This week, dozens of analysts and officials will be spending days huddled over desks, screens and phones, busy pursuing parallel inquiries into two young men of a similar age but dramatically divergent backgrounds. Many will be working for the same three-character organisations – the CIA, FBI, MI6, MI5 etc – in the US, UK or Europe. All will be seeking clues to help them achieve what has become one of the more pressing goals of our world: understanding extremism.
One set of investigators will be looking at the background of Younes Abouyaaqoub, the 22-year-old suspected of driving a van into crowds of tourists in Barcelona last Thursday afternoon, killing 14 and injuring scores more. The others will be piecing together the background of James Fields, 20, who has been charged with killing a young woman protesting at a neo-Nazi and white supremacist rally in Charlottesville, Virginia, on 12 August.
Immediately, a note of caution is needed. Fields and Abouyaaqoub are very different people, who have followed unique and contrasting pathways to violence. They grew up thousands of miles apart, in dramatically different circumstances.
More broadly, rightwing and jihadist violent extremism are distinct phenomena. Loathsome though their views might be, Vanguard America is very far from Isis, which is responsible for the suffering of millions and tens of thousands of deaths in the Islamic world and the west. Fields is no Mohamed Atta, who led the hijackers who killed 3,000 on the east coast of the US in 2001, either. So far, thankfully, there is no rightwing Osama bin Laden or Abu Bakr al-Baghdadi.
Studies have revealed significant differences in the profiles of Islamist and rightwing militants and their behaviour once radicalised, yet there is inevitably much that is shared. There is a mass of research into possible social factors that may render an individual vulnerable to extremist ideologies. One recurring element for jihadists is a distant or absent father. A recent study pointed at a difficult relationship with mothers as common among rightwing extremists. Fields’s mother twice called emergency services when he attacked or threatened her. The important role of the internet is clearly common, as is the crucial importance of small groups of individuals already committed to a cause, who can transform a new recruit’s tentative enthusiasm into hardened commitment. There is much, too, that is shared at an ideological level, once one looks beyond the obvious contrasts.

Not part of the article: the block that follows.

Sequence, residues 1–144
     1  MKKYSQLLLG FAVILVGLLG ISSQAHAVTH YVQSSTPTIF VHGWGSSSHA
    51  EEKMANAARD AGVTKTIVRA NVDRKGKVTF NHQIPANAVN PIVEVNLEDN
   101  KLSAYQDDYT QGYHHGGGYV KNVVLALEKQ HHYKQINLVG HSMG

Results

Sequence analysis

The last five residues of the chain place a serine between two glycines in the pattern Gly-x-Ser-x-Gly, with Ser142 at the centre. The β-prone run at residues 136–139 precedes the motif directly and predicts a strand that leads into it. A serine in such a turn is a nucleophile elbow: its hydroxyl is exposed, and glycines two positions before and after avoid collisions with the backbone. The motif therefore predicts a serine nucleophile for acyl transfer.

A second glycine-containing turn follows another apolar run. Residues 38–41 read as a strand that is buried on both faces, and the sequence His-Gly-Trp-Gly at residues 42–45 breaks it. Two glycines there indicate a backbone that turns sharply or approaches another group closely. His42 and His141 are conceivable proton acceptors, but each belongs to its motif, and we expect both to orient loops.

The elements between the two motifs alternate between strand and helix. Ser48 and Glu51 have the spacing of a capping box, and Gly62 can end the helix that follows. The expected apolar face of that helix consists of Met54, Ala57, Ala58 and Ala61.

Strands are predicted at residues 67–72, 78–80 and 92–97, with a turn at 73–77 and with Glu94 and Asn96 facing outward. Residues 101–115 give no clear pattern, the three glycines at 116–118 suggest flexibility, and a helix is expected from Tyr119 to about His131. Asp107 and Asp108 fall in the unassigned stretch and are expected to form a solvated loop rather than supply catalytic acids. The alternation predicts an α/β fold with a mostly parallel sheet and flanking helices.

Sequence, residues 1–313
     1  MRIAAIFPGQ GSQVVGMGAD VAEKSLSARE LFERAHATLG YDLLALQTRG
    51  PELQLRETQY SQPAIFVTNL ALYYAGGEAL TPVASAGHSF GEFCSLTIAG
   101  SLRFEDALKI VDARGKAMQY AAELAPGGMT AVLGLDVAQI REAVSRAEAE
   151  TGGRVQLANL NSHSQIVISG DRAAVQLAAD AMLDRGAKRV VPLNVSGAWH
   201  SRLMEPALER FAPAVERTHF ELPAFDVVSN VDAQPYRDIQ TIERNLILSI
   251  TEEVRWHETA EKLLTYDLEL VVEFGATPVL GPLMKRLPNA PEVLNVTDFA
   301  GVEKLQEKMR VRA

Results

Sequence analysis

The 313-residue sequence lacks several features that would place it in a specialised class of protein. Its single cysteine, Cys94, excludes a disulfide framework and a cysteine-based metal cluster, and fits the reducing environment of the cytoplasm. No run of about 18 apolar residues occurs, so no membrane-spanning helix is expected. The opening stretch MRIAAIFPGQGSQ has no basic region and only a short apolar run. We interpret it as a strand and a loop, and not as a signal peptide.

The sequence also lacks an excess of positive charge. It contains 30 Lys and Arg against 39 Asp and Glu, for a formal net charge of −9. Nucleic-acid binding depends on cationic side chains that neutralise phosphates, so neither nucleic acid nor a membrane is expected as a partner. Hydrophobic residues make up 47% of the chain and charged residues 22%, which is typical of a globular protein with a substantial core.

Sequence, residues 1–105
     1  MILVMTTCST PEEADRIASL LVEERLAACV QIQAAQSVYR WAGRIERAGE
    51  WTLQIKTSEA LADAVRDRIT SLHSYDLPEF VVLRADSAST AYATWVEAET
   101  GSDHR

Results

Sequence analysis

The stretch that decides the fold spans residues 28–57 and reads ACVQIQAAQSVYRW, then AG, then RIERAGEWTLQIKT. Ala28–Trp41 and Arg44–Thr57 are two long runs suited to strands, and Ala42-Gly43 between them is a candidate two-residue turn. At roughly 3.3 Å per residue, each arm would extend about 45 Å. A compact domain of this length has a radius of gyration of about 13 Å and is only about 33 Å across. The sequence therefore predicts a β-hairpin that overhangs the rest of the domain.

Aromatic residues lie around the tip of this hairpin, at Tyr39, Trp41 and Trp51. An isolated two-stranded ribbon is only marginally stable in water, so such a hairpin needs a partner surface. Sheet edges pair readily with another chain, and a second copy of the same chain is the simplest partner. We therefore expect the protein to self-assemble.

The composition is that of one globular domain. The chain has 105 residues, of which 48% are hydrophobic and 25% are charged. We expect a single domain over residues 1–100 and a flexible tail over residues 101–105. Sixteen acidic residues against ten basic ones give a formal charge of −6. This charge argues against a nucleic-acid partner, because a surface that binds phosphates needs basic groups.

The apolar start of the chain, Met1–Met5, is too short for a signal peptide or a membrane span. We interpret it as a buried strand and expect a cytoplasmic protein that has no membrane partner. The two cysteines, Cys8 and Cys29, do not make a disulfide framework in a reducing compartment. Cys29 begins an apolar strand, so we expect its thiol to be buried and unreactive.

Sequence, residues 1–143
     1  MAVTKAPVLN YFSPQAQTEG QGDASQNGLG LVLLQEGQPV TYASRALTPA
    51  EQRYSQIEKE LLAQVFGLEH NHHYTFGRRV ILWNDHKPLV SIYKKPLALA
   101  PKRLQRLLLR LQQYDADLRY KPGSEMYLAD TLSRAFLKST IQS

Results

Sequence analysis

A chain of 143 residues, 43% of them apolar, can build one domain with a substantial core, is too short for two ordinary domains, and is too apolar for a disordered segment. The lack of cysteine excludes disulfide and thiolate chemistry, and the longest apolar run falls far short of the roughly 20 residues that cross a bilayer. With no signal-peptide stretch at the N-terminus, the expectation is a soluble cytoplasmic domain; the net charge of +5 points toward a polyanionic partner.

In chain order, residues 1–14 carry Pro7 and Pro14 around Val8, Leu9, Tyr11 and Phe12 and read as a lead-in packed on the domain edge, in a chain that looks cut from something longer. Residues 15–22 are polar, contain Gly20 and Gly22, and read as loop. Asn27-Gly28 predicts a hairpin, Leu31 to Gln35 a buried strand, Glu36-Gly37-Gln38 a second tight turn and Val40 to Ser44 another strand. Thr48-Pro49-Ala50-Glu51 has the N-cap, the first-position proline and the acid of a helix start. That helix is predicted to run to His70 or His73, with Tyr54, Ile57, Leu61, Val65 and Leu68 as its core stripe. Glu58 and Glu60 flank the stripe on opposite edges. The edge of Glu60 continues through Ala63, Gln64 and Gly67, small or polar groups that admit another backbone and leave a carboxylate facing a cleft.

One shared element is a rejection of authority, whether of an elected government or, in parts of the Islamic world, a monarch. Governments should be overthrown if they stand in the way of the rule of the enlightened and faithful, said Sayyid Qutb, the godfather of modern jihadist thinking, in the early 1960s. Rightwingers also see government as traitors to their imagined community, defined by “race” and sometimes faith, whose authority should be rejected and sometimes resisted.
Both believe their communities are facing an existential threat, placing an obligation on the individual to “resist”. Demography looms large for white supremacists, who make much of the possibility, raised by the US Census Bureau in 2008, that by 2050, minorities might make up more than 50% of the US population. Protesters at Charlottesville, parading beneath swastikas, shouted: “Jews will not replace us.”